Friday, August 16

Mini Reviews: August 16th Edition [Nintendo Switch eShop]


Exception [Nindie Choice!] - As a massive fan who has always loved the movie TRON you know that a game set inside a computer where you play a warrior of sorts who must overcome enemies and obstacles to succeed will get my attention. While the action platforming of Exception may not quite get to the heights of coolness of that classic movie franchise it still manages to throw a unique look and feel, as well as some smart stage designs into the mix. Stages play pretty quickly (assuming you survive) and with each pivot and transformation they throw things at you a little differently. Granted, your movement at times can feel a little sluggish and perhaps there’s simply not an amazing degree of variety in enemies and situations but regardless this title has a fresh feel, looks spectacular, and generally keeps you coming back for more action.


PC Building Simulator - This may be about as niche a title as I’ve played on the Switch, and yet as someone who has assembled my own PC from scratch more than a few times, I’m happy to say that PC Building Simulator absolutely delivers the authentic goods. If you’re a build enthusiast or would like to get a taste of what being one entails, this game will not only walk you through the minutia and meticulous process of placing each component, it will also have you working with real top-notch hardware. In the Campaign you’ll take over a small PC repair business and spend your time turning things around by doing everything from simple virus removal and diagnostics to incrementally more ambitious assembly tasks. On the other hand if you have the hang of the controls, which admittedly could use better instructions as you get started or when you’re having trouble, you can go into Free Build mode and simply go nuts trying to construct the mega-rig that you could only dream of being able to afford. Control quirks and initial struggles to get used to how things operate aside, as instructive gaming goes this may be the most successful title of its broad kind I’d played on Switch.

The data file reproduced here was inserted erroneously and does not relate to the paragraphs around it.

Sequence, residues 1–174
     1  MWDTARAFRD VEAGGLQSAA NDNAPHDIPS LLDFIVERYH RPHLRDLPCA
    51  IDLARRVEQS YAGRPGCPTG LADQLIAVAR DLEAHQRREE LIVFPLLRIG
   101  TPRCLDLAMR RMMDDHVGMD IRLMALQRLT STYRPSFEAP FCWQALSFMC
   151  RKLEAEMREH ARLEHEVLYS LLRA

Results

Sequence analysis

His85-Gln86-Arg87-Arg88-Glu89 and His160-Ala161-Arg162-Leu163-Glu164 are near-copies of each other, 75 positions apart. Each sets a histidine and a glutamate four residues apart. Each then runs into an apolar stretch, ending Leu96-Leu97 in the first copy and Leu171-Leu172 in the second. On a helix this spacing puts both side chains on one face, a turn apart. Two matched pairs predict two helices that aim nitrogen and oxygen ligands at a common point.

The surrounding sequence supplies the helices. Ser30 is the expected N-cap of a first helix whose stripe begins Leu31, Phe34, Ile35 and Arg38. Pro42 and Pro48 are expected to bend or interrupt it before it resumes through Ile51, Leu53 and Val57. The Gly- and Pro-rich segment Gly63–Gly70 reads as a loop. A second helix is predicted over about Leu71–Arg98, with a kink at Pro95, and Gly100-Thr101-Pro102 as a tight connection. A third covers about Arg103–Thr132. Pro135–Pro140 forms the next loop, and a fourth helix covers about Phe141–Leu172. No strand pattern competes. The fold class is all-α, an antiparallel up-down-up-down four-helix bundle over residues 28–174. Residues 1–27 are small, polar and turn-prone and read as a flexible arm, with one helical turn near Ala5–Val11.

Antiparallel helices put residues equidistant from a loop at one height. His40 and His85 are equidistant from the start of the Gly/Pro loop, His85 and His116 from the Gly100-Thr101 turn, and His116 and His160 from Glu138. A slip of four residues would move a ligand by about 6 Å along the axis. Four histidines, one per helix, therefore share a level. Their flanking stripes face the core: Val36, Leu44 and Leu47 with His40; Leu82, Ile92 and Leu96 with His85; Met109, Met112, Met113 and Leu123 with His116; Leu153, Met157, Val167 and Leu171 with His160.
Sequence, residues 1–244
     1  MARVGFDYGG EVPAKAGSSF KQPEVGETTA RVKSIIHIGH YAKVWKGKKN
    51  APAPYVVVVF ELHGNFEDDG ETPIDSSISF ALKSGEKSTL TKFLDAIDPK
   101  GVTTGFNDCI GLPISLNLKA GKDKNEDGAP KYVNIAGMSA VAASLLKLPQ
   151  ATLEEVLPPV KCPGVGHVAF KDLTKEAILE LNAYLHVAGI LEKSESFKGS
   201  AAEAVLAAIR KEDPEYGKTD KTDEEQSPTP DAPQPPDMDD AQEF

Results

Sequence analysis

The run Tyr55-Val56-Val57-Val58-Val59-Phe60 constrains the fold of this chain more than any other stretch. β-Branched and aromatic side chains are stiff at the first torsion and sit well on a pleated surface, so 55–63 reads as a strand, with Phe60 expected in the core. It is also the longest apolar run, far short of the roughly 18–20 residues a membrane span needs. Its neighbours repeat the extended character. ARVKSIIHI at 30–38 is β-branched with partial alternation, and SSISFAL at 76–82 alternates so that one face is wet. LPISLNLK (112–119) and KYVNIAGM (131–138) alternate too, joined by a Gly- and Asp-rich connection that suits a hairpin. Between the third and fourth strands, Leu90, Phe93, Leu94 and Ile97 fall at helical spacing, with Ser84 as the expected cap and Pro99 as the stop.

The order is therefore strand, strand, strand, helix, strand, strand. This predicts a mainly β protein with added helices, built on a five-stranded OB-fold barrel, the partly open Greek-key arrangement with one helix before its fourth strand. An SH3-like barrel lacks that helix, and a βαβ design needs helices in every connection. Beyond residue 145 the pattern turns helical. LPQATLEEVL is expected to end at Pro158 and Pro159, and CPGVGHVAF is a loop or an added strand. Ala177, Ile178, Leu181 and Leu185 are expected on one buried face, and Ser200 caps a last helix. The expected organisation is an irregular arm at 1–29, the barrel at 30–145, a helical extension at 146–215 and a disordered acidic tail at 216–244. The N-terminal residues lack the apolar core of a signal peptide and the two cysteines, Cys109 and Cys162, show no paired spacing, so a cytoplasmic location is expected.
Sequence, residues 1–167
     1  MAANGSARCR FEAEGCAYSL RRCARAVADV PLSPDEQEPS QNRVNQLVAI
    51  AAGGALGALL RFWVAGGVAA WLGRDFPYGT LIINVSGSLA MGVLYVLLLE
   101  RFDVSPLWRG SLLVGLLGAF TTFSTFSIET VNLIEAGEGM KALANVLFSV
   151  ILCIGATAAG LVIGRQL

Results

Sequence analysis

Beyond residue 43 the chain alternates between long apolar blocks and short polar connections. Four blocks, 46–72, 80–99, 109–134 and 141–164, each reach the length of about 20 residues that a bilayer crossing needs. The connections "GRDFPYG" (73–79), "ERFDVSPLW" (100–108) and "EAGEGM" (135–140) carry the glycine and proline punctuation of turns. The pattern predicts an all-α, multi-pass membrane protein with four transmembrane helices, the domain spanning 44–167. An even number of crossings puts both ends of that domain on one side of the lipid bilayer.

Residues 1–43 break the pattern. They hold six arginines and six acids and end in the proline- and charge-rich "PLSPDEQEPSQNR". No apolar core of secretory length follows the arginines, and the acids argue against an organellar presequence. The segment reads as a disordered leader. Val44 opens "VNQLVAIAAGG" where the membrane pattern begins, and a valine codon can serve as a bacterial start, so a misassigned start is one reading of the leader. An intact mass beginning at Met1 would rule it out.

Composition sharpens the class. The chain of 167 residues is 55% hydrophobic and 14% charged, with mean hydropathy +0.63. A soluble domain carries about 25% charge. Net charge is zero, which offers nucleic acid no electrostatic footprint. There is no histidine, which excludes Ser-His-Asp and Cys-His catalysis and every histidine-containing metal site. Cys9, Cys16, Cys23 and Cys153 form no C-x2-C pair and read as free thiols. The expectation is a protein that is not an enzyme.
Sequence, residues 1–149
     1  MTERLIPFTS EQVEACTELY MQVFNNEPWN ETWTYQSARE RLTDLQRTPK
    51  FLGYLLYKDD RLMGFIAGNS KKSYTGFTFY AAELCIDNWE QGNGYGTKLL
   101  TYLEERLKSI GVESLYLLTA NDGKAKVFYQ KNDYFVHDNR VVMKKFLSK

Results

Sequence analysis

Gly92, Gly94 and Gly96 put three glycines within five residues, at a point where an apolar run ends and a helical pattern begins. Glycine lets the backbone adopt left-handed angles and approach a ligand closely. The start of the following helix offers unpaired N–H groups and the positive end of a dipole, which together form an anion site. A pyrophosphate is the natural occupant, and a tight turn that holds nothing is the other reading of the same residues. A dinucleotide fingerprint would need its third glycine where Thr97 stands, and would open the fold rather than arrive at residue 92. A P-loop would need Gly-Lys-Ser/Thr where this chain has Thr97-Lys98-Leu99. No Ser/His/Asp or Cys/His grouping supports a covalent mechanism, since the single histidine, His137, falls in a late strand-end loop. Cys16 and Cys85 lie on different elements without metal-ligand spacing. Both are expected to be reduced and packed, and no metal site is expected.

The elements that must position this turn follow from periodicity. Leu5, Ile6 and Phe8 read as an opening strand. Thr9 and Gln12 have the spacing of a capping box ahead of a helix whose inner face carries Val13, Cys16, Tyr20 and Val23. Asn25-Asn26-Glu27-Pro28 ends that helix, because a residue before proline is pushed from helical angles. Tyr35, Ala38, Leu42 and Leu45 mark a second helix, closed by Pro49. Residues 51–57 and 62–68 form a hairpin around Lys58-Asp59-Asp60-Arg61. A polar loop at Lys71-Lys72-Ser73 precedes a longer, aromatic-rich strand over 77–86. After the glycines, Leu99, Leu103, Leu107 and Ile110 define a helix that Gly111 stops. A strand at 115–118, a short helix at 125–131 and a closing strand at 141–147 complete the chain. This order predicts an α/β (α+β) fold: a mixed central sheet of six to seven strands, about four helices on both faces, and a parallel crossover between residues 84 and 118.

Gravity Duck - Sporting a relatively simple premise with a weird twist on gravity shifting, in that there are spots where you will shift 90 degrees to walk on the walls as well, Gravity Duck is a decent but not amazing budget puzzler. While the controls when you shift to the sides do make sense to a degree, you’ll always move in the direction you press regardless of orientation, their digital movement and lack of nuance can be aggravating when there are times where nuanced analog controls would have been a great help. Overall I’d say it’s a take it or leave it proposition, but if you enjoy this type of challenge it’s not bad for the price of admission.


Sagebrush - With an isolated setting in what appears to be an abandoned compound of a religious group Sagebrush is all about a slowly unraveling mystery to discover what happened. Exploration and some problem solving will help you make your way through new areas where you’ll find audio recordings (that often feel like they’re relayed in a linear fashion, though somehow spread out in many locations) and assorted notes that will help you piece together a picture of things. This is one of those games where the idea is that the payoff at the end of the journey will justify the pretty dull and uninspired path to get there, you’ll need to decide whether that’s enough to justify your interest.